Voluntary organisations found public health guidance “inconsistent and confusing” during the pandemic which negatively impacted their ability to co-ordinate volunteering, NCVO has found.
The research, Volunteering in England during Covid-19: The policy response and its impact, was published yesterday and forms part of the Mobilising Voluntary Action initiative. New research from NCVO examines volunteering policy response and its impact during the pandemic by capturing the experiences of those who worked with volunteers at the tumultuous time.
Researchers surveyed of 127 volunteer-involving organisations, held two virtual workshops, carried out five in-depth interviews, did independent policy research and ran a national event which prompted voluntary-organisations to debate the issue.
The study called for the charity sector and government should work together to shape the recovery of the sector and be prepared for future crises.
The report found a mixed – but mostly negative - experience of governmental policy response to volunteering in England during the pandemic.
“Inconsistent and confusing public health guidance for frontline organisations put strain on those managing and coordinating volunteers,” NCVO found.
Policy response to the pandemic exposed inequalities already prevalent in volunteering before March 2020, as some areas were better prepared for the pandemic due to having more resources and greater experience than others.
The research highlighted a disconnect between national and local responses, with the NHS Volunteer Responders Scheme cited as an example of where local volunteering organisations were overlooked or underutilised.
However, the study found that the government’s call for the public to volunteer was beneficial in raising the profile of volunteering, with one respondent saying it brought volunteering into the “consciousness of the public”.
Respondents agreed that they wanted to see a clearer strategic direction and stronger leadership for volunteering both at the policy level and within the sector.
The report proposes four lessons learned from England's policy response to volunteering during the pandemic:
- Long term planning and preparedness are vital - as some volunteer organisations were more prepared or better facilitated for the crises than others.
- Effective communication and collaboration is necessary - between both the government and voluntary organisations, promoting collaboration rather than competition.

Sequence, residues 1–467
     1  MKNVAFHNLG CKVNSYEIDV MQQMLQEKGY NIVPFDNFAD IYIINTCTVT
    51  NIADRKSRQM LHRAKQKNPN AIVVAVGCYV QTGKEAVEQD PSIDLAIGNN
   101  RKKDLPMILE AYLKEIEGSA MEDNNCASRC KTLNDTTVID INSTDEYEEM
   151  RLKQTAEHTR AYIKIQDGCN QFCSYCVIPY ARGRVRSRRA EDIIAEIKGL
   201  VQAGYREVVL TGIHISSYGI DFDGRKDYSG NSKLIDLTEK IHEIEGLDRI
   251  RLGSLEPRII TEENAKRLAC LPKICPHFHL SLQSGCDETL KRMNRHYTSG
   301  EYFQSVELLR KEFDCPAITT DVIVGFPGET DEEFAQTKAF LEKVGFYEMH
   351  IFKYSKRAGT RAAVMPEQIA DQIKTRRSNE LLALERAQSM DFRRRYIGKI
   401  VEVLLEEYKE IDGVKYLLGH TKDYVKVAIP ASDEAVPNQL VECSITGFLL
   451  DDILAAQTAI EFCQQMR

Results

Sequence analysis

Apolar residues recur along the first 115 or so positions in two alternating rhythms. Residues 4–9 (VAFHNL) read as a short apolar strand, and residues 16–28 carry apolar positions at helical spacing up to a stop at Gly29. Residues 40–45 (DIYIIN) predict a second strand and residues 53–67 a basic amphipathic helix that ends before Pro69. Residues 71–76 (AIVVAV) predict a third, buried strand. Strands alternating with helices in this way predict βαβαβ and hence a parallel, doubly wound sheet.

- A strategic direction for volunteering in England is needed - NCVO give its Vision Volunteering initiative as an example.
- Volunteering needs a healthy environment to thrive - so that voluntary organisations will be well prepared and supported if another crisis was to occur.
'Clear lessons for the future'
NCVO said that in future there should be a more joined-up approach.
Sarah Vibert, interim CEO at NCVO, said: “My main take away from the research is that we need to move beyond a binary choice of ‘top down’ or ‘bottom up’ approach in volunteering policy in England and to instead seek to blend ‘national’ and ‘local’ – bringing out the strengths of both. The key lessons from this report outline a number of things that need to happen to support this in future.
“A lot has been written about who volunteered and how during the pandemic. However, less focus has been given to how the policy response supported the mobilisation of volunteers. This research takes a critical look at the policy response in England and presents clear lessons to support volunteering responses to future emergencies.”
'Landscape has changed forever'
RVS, which ran the NHS Volunteer Responders programme, said that despite the tensions between local and national provision the overall impact of the programme had been positive.
Catherine Johnstone, CEO at Royal Voluntary Service, said: “I welcome the paper released today by NCVO which points to a need to collaborate more across the sector, and for government policy to encourage that. I am still astounded by the Covid-19 response from the nation’s volunteers. We clearly, collectively, did something right and I fundamentally believe the volunteering landscape has changed forever as a result.
“The NHS Volunteer Responders programme which Royal Voluntary Service has delivered for NHS England with GoodSAM was designed as a crisis response and a ‘safety net’ and launched in a few short weeks. Enabled by a smart phone app, micro-volunteering offered new flexibility. People got involved who would not have been able to otherwise. At times, tensions arose around the intersection between national and local provision. But the impact of this programme has been significant. Over two million tasks have been undertaken by its volunteers supporting people who needed help.
“Volunteering’s relevance spans government departments and, of course, it needs solid investment to allow the benefits to be realised. And when it comes to ‘Levelling Up’ volunteering must be in the very foundations of the response.”